I posted about 3 ways to spot logical fallacies and 7 deadly logical sins on Source of Insight. These posts are a distillation of some of my lessons learned from Jay Heinrichs, author of Thank You for Arguing: What Aristotle, Lincoln, and Homer Simpson Can Teach Us About the Art of Persuasion .
If you know how to spot logical flaws, you can avoid bad information, protect yourself from bad advice, and improve your own logical arguments. In the rules of rhetoric, your logic doesn't have to be right. You simply have to be influential. Of course, if your audience realizes you are wrong, you lose your ethos (character) influence. In logical debates however, the rules are strict. If you get your logic wrong, the shows over.
I'm honored to have a guest post at Sources of Insight from author Al Ries on Left Brainers and Right Brainers. I first read Al's The 21 Immutable Laws of Branding some time ago. What I liked about the book was it gave me a new lens for looking at business, brands, and product design. It even gave me insight into personal brands as well as team, product, and organization brands. His principles are timeless and better yet, time tested. My favorite lesson was that to win, you narrow the focus. It's about specialization and standing for something. It's about really knowing which category you're in and what distinctions matter. For example, in patterns & practices, we create prescriptive guidance. Prescriptive guidance took the category of "documentation" and specialized. We effectively became a scenario-based, engineering team that produces code and content-based guidance. This differentiation became our strength.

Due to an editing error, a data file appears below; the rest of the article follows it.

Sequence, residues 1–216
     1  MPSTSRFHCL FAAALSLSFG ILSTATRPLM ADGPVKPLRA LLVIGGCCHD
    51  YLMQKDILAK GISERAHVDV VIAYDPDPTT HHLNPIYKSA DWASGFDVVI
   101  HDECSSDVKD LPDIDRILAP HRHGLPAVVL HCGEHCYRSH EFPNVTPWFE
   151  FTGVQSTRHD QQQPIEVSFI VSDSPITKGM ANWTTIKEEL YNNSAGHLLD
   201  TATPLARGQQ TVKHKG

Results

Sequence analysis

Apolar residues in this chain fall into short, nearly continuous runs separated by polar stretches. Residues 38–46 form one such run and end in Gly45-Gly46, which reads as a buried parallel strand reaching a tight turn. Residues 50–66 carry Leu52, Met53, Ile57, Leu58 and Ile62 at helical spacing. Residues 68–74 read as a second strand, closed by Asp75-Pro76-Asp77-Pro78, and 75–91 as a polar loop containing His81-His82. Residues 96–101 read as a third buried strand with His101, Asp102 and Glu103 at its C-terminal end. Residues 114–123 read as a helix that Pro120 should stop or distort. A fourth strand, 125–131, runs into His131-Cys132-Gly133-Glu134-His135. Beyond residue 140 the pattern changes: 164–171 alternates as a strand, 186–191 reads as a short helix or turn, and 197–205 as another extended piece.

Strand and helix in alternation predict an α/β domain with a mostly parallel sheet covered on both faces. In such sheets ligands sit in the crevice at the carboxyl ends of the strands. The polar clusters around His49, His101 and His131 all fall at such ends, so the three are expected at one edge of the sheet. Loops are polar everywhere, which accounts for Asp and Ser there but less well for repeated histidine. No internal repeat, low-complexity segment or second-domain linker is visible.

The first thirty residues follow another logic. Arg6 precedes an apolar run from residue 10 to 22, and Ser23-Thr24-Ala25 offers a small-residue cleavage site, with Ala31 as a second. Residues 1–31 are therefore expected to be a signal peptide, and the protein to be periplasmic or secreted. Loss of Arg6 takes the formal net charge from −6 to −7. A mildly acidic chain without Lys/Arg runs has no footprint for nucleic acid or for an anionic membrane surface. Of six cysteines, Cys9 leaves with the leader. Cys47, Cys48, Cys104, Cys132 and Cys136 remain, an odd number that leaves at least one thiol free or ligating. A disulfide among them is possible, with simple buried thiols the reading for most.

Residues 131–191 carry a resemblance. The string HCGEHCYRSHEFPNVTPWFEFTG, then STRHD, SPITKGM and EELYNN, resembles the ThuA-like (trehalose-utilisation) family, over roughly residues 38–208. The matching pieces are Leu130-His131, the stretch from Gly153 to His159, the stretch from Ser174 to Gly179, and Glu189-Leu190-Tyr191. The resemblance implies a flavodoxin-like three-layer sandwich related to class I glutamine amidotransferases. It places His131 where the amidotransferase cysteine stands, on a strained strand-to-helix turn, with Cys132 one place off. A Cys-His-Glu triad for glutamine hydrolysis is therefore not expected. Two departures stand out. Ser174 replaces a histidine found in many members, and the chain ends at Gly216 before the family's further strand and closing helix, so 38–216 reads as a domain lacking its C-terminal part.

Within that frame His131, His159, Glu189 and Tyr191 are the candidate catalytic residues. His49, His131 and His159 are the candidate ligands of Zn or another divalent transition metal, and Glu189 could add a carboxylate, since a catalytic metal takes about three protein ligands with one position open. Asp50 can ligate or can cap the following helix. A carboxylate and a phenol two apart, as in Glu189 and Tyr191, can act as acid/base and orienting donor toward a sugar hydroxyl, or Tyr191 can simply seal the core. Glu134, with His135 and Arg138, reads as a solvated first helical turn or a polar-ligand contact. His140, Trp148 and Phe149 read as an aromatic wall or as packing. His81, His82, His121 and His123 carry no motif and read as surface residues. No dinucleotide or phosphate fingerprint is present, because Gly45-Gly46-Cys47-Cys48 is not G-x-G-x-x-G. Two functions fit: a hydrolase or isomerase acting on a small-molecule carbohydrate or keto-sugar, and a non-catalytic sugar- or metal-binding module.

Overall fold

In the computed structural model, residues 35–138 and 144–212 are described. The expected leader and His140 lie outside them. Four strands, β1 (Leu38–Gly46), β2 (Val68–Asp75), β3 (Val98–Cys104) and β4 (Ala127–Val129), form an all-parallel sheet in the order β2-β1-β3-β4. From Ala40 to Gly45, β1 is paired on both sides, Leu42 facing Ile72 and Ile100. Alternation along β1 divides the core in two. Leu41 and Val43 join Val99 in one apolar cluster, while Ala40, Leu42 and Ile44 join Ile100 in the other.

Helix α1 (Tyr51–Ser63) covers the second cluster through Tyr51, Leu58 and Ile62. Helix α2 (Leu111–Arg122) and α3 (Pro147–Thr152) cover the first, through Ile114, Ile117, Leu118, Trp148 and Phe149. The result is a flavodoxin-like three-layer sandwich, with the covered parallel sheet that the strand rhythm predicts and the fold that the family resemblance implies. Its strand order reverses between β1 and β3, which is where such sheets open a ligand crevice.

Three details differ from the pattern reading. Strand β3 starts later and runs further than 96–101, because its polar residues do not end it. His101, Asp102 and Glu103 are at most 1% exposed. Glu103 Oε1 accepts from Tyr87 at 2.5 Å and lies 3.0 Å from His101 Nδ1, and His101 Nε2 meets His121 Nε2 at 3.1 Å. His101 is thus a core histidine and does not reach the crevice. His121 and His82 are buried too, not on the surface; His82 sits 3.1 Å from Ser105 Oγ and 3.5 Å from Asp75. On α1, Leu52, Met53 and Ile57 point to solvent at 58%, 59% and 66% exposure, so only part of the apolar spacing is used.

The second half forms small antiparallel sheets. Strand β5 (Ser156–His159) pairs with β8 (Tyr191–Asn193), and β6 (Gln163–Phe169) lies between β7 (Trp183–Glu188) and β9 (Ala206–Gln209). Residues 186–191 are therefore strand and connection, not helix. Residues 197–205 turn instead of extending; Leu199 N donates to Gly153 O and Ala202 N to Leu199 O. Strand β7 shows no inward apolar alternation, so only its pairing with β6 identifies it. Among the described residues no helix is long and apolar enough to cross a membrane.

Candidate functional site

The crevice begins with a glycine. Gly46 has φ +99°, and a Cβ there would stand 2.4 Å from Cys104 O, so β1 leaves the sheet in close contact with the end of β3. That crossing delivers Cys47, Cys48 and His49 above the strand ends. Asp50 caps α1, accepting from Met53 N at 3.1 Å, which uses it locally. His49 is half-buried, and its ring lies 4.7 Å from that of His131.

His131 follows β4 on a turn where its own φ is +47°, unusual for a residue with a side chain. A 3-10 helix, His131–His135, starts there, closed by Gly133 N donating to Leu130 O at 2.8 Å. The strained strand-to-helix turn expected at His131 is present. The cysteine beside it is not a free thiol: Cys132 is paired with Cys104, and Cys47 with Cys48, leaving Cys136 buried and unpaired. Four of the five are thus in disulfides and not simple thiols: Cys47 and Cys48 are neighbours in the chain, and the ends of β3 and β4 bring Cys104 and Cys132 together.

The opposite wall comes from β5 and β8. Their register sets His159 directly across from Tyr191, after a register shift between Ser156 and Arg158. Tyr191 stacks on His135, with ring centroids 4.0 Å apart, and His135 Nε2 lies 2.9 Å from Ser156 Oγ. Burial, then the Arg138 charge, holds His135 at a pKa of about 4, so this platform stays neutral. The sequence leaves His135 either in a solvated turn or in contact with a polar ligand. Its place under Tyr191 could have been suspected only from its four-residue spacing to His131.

Read Al Ries on Left Brainers and Right Brainers.
We created an initial set of Application Patterns as part of our patterns & practices Application Architecture Guide 2.0 project. The purpose of the application patterns is to show a skeletal solution for common end-to-end applications. Each application pattern includes a scenario, a pattern solution, and a technical solution. This provides you with a relatively stable backdrop and starting point to reuse lessons learned from successful applications.
Application Patterns Here's our initial set of application patterns:
Example Application Pattern The heart of each application pattern revolves around the scenario, the pattern overlay, and the technology overlay:
Scenario Here's the backdrop we use for the baseline architecture:
Pattern Solution Here's our pattern overlay:
Tech Solution Here's our technology overlay:
Application Pattern Template Here's the core structure of each application pattern:
We created a Rich Client Application Pattern as part of our patterns & practices Application Architecture Guide 2.0 project. The purpose is to show a baseline architecture based on patterns.
Tech Solution Here's our technology overlay:
Application Pattern You can review the full application pattern on CodePlex at:
We created a Web Service with REST Application Pattern as part of our patterns & practices Application Architecture Guide 2.0 project. The purpose is to show a baseline architecture based on patterns.
We created a RIA Application Pattern as part of our patterns & practices Application Architecture Guide 2.0 project. The purpose is to show a baseline architecture based on patterns.
We created a Web Application with Domain Entity Application Pattern as part of our patterns & practices Application Architecture Guide 2.0 project. The purpose is to show a baseline architecture based on patterns.